Dempsey & Carroll is pleased to have had a role in such a brilliant affair. Congratulations to a most lovely couple!

Credits:

Photography: Ira Lippke Studios

Wedding Planner: Vanda High Events

Spotlight on Valley & Co.

Dempsey & Carroll’s Austin Ackles sat down with Aleah and Nick of Valley & Co. to talk about some of their favorite wedding destinations on the West Coast. 

 

AA: Squeezed into just a few dozen words, can you give us the essence of Valley & Co.?
A&N: In short, we throw pretty incredible celebrations for our clients and have a ball doing so! We focus on the beauty and fun in life and incorporate realistic elements into our events. We truly love creating joy for others and Valley & Company is a reflection of our passion!

AA: Which came first, the business relationship or the life partnership?
A&N: Our relationship came before our business. We met during Aleah’s senior year in high school and Nick’s freshman year at university. Aleah followed Nick to college where we planned events with several student government organizations and some pretty impressive non-university related parties as well! You can say the rest is part of our history! We’ve been planning events together since we got together and formed our company in 2003, right after we graduated from college.

AA: You’re the masters of the best coast! What’s your single favorite thing about the mighty Pacific Northwest and the very best thing about the glorious south coast?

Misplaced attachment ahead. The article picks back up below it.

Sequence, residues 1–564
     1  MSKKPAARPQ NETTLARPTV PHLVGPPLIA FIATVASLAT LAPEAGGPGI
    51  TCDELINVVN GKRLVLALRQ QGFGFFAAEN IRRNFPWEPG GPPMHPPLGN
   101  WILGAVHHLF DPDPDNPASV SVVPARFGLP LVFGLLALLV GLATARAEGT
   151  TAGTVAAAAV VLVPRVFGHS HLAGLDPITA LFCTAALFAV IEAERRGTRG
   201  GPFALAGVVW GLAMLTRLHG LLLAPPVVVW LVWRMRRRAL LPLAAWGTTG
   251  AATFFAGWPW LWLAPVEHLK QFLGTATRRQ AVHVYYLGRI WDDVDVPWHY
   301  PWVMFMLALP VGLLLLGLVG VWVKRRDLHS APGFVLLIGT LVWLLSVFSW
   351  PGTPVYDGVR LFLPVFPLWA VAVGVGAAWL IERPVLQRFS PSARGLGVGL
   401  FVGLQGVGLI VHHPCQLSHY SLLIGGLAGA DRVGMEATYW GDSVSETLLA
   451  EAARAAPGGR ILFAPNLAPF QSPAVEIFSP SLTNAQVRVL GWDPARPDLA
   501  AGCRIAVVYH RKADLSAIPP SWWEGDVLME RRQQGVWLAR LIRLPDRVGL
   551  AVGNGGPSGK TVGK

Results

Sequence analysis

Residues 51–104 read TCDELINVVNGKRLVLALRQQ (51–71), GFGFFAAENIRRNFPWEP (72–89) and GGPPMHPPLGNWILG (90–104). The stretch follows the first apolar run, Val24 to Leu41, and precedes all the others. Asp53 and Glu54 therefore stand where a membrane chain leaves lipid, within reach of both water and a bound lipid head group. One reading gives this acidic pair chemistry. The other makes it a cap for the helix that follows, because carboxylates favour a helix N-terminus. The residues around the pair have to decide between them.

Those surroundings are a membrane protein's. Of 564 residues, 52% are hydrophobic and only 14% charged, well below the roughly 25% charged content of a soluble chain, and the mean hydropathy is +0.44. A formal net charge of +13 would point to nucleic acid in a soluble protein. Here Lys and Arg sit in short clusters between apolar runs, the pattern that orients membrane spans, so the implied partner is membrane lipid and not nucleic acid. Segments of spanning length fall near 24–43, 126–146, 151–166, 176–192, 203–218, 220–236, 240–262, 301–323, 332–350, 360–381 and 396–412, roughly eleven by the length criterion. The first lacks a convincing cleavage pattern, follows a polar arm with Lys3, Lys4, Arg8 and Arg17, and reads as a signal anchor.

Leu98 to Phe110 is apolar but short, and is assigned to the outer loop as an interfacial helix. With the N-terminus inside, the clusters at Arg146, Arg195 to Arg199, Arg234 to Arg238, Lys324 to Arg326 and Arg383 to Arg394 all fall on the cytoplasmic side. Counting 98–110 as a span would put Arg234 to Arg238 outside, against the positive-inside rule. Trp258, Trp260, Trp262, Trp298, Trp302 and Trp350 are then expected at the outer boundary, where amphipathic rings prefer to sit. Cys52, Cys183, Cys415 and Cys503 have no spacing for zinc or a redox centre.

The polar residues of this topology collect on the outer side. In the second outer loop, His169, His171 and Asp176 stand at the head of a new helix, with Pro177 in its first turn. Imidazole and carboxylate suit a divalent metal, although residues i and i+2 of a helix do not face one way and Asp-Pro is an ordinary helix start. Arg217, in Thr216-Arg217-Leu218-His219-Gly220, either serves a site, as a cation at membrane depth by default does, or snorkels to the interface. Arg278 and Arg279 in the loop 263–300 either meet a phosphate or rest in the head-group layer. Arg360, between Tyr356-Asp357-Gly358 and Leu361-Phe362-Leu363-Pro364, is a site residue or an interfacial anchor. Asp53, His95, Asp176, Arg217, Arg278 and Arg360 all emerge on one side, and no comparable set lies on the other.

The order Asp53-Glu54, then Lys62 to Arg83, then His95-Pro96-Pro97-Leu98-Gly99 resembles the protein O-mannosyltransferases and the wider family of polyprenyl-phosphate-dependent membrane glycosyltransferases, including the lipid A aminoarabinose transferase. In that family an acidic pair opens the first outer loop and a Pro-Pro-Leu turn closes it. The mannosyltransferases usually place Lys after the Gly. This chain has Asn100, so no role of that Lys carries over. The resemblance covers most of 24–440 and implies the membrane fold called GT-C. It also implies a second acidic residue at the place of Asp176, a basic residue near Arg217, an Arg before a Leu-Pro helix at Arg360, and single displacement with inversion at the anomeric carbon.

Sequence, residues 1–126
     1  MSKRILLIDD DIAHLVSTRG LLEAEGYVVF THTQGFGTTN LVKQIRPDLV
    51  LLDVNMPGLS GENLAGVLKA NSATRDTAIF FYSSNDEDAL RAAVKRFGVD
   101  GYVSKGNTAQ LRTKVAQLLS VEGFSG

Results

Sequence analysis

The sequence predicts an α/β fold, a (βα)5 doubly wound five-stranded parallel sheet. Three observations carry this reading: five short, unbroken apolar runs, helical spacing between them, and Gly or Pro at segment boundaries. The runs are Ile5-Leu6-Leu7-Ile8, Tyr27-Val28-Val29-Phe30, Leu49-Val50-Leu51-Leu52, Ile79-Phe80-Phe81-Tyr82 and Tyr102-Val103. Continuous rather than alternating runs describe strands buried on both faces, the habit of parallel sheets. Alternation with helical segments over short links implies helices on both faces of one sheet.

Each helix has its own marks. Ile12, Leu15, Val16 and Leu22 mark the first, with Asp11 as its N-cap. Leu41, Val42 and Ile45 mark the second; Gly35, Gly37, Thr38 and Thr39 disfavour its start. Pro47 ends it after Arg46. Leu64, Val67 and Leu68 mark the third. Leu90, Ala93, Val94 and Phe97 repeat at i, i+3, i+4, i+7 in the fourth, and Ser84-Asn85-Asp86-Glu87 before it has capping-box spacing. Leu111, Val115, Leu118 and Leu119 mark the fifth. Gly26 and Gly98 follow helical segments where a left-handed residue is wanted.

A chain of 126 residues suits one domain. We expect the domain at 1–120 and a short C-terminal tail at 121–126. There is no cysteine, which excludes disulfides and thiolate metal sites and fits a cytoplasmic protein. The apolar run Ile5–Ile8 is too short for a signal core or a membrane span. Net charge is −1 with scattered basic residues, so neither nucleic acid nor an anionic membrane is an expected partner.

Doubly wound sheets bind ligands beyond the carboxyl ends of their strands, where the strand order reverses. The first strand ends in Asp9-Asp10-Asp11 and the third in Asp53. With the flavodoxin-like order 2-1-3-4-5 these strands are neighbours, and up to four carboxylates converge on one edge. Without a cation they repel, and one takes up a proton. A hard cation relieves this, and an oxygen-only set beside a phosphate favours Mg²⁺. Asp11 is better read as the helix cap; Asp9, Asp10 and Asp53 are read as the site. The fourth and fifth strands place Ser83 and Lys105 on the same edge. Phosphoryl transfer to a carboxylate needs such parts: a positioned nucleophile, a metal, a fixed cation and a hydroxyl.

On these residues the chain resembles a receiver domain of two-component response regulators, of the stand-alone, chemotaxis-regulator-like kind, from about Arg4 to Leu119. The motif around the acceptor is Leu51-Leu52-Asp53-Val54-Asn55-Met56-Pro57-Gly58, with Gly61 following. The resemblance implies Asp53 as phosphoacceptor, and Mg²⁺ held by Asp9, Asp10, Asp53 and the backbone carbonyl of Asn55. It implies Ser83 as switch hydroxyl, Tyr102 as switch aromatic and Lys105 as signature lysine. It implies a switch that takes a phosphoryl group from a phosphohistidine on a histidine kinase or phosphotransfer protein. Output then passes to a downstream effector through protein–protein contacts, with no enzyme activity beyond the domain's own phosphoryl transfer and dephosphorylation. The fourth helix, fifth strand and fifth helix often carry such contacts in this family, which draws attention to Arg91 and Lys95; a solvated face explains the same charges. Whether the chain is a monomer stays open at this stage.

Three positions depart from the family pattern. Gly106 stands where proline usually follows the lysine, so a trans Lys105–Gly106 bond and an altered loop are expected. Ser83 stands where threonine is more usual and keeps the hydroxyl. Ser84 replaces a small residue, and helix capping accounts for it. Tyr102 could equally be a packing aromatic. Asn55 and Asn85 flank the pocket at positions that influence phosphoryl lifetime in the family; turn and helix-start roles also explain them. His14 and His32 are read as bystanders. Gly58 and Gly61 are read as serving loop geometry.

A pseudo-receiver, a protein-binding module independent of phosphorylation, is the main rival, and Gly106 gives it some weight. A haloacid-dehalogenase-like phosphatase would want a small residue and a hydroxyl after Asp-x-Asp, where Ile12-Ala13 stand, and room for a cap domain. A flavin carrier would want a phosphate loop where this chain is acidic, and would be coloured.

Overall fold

A&N: Oh, what a kind compliment, thank you! The Pacific Northwest is absolutely incredible. Both born and raised, there is just so much to appreciate. We love the sea and islands, the culture, the incredible food (especially Dungeness crab), and the majestic mountains. But the best thing about the mighty Pacific Northwest is the fact that you can drive out of the city to any number of spectacular places in just an hour or two. There are countless hidden gems for destination weddings that we love! California is also pretty amazing and we love events along the coast in San Diego and in the desert of Palm Springs. The year-round nature of events in California (except for the one unexpected November day mentioned below!) is special and you can’t beat the sunsets and cuisine. Our West Coast clients up and down the coast tend to share an underlying vision of wanting to create a true experience for their guests, so we put great emphasis on the setting, the local bounty and seafood and land food, great wines,, and showcasing the very best that our region and the coast has to offer.